Monday, July 27, 2009

Pleadings: The League/ JimD/ Alistair Interview

My relationship with the film "Pleadings" began, technically, in the Fall of '97 when I took a screen writing class and met JimD. JimD may not remember this, but I was reading comics before class began (I think "Preacher"), and he asked me what titles I was reading. He was a former comic enthusiast, and was happy to chat.

I found Jim to be an excellent sounding board for my own projects at the time, and we became quite chummy.

Jim would head off for law school at the end of that year, but we remained in touch.

While Jamie and I languished in Arizona, Jim sent me a copy of a screenplay he'd written. I wasn't entirely surprised he'd asked, as we'd taken the same screen-writing coursework, and I guess he knew I'd been trained to be honest with feedback, as he'd been trained to take or leave what I had to say.

We discussed characters and plot elements with which I agreed and with which I took exception. But I was very excited for Jim. He had a plan, he had a director, and he was ready to begin pre-production. It's a hugely unique situation for anyone to find themselves who claims to be interested in film production. Jim had recruited a long-time pal to come on board to direct, and the two were of a like mind on the project.

Prior to my return to Texas, Jim and Alistair completed shooting the film in Beaumont. I deeply regret not being available for the shoot, but them's the brakes.

As of this writing, the film has been published to DVD. I am unaware of further distribution plans, but hope that this post will remind local readers that I will be watching the film at League HQ on Saturday Evening, Aug. 1. We'll be breaking out the good stuff.

Always looking for good copy, I asked JimD to allow me to interview he and Alistair, via e-mail, on the topic of "Pleadings". Below, you will see our exchange.

At the time of the questionnaire, I had not seen the final cut of Pleadings, but had seen a fairly-final, locked cut about two years ago. I now hold in my hand a clam-shelled, lovely DVD. It includes a furiously written note by Jim D in which threatens me with bodily harm several times. The threats have nothing to do with the film.

I should note: I also wasn't sure if JimD and/ or Alistair would answer the questions. We got both. So, here's two responses per question.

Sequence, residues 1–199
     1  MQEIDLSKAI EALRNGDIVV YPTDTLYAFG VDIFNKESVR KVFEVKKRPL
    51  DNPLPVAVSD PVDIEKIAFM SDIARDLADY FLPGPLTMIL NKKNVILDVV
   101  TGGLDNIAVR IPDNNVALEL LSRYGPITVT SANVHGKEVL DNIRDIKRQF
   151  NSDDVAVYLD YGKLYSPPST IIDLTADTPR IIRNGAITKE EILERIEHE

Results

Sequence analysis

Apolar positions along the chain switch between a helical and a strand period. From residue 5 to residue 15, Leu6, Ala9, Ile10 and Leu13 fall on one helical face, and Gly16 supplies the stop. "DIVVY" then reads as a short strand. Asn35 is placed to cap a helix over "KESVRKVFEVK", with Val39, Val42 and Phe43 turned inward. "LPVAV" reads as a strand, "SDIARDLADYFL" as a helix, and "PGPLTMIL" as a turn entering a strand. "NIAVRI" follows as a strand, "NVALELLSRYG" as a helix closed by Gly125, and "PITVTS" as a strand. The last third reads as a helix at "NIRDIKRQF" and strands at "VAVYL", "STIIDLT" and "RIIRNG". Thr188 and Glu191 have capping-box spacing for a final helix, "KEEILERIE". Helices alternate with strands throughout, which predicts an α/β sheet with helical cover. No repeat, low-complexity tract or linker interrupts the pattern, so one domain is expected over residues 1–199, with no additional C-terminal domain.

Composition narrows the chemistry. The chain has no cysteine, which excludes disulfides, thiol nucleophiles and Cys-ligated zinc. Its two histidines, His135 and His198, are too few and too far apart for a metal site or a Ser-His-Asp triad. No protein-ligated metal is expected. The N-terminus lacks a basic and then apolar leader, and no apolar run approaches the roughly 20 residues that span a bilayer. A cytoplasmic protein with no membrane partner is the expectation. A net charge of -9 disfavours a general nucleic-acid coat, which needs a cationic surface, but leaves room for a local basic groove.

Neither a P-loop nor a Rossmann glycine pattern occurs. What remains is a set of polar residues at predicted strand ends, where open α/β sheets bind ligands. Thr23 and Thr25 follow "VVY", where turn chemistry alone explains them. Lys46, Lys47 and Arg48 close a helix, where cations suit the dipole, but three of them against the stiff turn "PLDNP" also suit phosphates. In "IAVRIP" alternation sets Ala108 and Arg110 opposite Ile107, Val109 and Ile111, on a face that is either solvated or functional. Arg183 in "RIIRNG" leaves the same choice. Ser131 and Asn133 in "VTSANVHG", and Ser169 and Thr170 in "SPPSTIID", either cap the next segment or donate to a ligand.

1) Can you discuss a bit about how Alistair and Jim know one another? Had you collaborated previously on a project?

Jim: Alistair and I have known each other since 1989. We both attended the same middle school in Houston, Texas. We had not previously collaborated on a project, but we had always wanted to do so, and Pleadings offered us that opportunity.

Alistair: We've known each other since Junior High. Previous collaborations were limited to very minor music and newspaper related projects.

2) When did Jim begin the script? What was going on in your life at the time?

Jim: I began the script in February of 2002, just after taking the Texas bar exam. The initial idea for the film came on February 9, 2002, the day I graduated from Baylor Law in Waco, Texas. Alistair came up from Houston for the occasion. After the ceremony, but before the night's festivities were to ensure, Alistair, my brother Bert, and I decided we would make a trek to the Branch Davidian compound. (I will never forget that on the way there, our Internet directions led us a stray and we passed the last turn. There was a house that had a large sign on it that said "Don't Ask!" and a mile down from that we stopped to ask a farmer for directions. My brother walked up to him, and before he could say a single word, the farmer said, "You missed the turn."). There was very little there that was recognizable, but there was a memorial garden, a church, and a few structures which must have been lost during the fire. We also saw an old burned out bus (which we learned was not consumed by fire during the stand-off but a number of years later). There was something haunting and cinematic about the bus which prompted Alistair and I to brainstorm about collaborating on a film set in Waco. I had the bar exam in a few weeks, but I began to scribble down ideas at every opportunity. The first draft was probably circulated between Alistair and myself in late 2002 or early 2003, although the draft kept evolving up until the time we shot the film in the summer of 2004.

3) Were the characters there first, or the story?

Jim: Probably the characters. Initial scenes were drafted based on ideas for the characters, and I had a larger set of characters in play than ended up in the film. As scenes began to come together, I merged a few of the characters, which had the effect of making them more complex.

4) How did Alistair become involved? And what was his prior experience in film production?

Jim: Alistair was always involved from that first conversation in February of 2002. I know he studied film at Harvard and had written and created a few short films prior to directing Pleadings. I had previously seen one of his shorts, which was a black and white superhero film about a masked vigilante who felt compelled to venture out into the night to fight crime despite the misgivings of his wife. (You ought to email him and ask him a bit more - his email is [withheld]).